A public recruitment drive by a Mexican drug cartel using fliers promising high wages and good benefits reflects the expanding power of the gang, experts said Friday.
The recruitment fliers advertised jobs as security guards or bodyguards under the name of a fake company, and promised good benefits, a Christmas bonus and “growth in the short term,” according to Jesus Eduardo Almaguer, the chief prosecutor in western Jalisco state.
Those recruited were, however, employed as street-level drug dealers, not guards. They were sent to the town of Lagos de Moreno for a quick 10-day training course featuring paintball fights.
While prosecutors did not name the gang, experts said Friday it is without doubt the Jalisco New Generation Cartel.
Almaguer tried to depict the recruitment as a sign of the success of government raids against the gang. Speaking of the recruits – about a dozen were arrested earlier this week – Almaguer said “these people said they had been taken to Lagos de Moreno to substitute for people who had been retiring, or who had been fleeing from government raids.”
However, Hope said the recruitment reflected how openly the gang dared to act. “This speaks of the impunity, of their operating almost openly,” said Alejandro Hope, a security analyst in Mexico City.
Raul Benitez, a security specialist who teaches political science at the National Autonomous University of Mexico, said the Jalisco cartel, far from on the ropes, is clearly expanding.
“They are penetrating all the areas where the Knights Templar and Sinaloa cartel are leaving a vacuum,” Benitez said.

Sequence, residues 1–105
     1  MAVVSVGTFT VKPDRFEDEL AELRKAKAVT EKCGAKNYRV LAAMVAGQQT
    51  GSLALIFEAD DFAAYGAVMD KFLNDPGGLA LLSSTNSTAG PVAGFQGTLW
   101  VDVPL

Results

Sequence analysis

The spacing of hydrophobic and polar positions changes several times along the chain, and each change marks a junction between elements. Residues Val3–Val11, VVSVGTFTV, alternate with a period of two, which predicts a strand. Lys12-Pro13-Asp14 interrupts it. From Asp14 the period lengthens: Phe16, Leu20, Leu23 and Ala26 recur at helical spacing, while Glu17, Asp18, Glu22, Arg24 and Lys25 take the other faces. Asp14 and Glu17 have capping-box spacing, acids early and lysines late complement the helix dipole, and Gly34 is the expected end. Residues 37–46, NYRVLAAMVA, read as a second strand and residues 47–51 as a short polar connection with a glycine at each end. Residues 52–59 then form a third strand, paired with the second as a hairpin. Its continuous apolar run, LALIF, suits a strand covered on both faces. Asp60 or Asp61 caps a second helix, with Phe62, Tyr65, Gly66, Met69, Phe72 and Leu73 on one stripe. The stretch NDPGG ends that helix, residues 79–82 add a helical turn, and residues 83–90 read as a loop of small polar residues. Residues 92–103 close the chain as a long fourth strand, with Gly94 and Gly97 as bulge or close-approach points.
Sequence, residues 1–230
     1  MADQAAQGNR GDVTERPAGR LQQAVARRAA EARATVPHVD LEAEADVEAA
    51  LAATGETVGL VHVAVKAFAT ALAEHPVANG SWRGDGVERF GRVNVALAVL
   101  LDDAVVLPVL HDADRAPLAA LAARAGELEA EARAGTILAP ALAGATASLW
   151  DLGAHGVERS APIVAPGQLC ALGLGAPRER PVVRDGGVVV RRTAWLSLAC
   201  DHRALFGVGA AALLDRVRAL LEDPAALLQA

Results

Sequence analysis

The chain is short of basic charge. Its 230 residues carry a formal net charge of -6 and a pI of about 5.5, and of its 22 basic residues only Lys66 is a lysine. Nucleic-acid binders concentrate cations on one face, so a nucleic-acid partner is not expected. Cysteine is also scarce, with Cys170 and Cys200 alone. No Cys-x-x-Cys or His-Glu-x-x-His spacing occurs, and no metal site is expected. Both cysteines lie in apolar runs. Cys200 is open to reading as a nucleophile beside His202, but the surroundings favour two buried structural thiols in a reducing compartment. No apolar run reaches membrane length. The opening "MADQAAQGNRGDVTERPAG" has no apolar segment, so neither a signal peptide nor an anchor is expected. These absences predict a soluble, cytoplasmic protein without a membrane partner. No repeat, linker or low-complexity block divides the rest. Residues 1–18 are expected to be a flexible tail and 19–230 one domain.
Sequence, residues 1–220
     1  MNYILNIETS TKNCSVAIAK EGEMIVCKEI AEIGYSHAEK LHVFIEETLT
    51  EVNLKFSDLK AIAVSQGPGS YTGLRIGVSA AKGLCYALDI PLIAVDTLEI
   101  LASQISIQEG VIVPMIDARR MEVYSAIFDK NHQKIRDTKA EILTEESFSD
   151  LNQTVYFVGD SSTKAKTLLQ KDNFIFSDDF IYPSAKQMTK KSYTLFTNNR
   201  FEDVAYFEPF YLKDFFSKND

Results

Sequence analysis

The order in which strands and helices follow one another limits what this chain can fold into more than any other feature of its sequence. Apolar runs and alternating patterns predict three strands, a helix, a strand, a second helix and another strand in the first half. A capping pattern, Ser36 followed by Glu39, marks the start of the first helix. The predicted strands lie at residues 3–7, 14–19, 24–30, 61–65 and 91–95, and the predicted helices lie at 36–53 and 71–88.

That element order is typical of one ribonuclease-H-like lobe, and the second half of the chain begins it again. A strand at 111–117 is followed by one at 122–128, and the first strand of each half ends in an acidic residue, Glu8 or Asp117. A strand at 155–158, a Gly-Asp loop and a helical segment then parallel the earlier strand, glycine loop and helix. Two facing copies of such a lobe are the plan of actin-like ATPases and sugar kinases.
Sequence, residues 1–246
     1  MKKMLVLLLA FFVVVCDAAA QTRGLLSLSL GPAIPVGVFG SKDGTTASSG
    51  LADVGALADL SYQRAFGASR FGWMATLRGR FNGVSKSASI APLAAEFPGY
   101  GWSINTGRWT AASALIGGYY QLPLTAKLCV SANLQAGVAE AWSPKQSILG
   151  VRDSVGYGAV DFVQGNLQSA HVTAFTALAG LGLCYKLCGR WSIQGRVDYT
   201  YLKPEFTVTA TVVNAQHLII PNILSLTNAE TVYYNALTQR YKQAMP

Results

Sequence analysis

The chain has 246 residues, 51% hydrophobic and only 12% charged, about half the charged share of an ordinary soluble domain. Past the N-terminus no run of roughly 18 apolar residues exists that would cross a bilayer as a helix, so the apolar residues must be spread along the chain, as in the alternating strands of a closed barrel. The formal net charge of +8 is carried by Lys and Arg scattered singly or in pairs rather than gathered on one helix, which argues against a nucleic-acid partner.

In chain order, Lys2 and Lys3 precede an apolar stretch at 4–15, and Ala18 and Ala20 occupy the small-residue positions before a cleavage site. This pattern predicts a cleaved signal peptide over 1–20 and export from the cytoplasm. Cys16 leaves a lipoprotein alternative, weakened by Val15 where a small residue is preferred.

“Sinaloa is leaving the area because of (the arrest of) El Chapo,” Benitez said, referring to drug lord Joaquin Guzman, captured in January. Jalisco “is the only cartel that can be said to be in expansion.”
In the past, Almaguer said that “normally what was done was recruiting through friends or acquaintances. Now they are doing it openly, deceiving people, obviously, but openly.”
In 2008, a cartel in the border city of Ciudad Juarez placed newspaper ads for drivers who were unwittingly used as drug couriers. But in the intervening years, no cartel had advertised openly for recruits.
Almaguer said a U.S. woman led the effort to hand out fliers on the streets of Jalisco cities like the beach resort of Puerto Vallarta. The U.S. embassy could not confirm the name of the woman, but did say it was aware of reports that a U.S. citizen has been arrested in Jalisco.
After recruiting the people – many of whom had previously worked as informal parking valets or cleaning motorists’ windshields at stoplights – they were told they had to sell methamphetamines and other drugs.
The plan was discovered after one of the recruits tried to back out of the scheme, and was kidnapped and held by the gang, who demanded a ransom of 1 million pesos ($55,500). His family called authorities.
The recruitment fliers themselves played on the recruits hope for advancement. It listed as requirements “initiative and desire to advance,” and offered a salary of about 3,000 pesos ($166) a week. Tellingly, the flier listed “ability with guns” as a requirement, and hinted that “if you are an ex-government employee, or ex-policeman, traffic officer, detective or ex-soldier… the salary is higher.”
This story has been corrected to show that the wage offered was per week.
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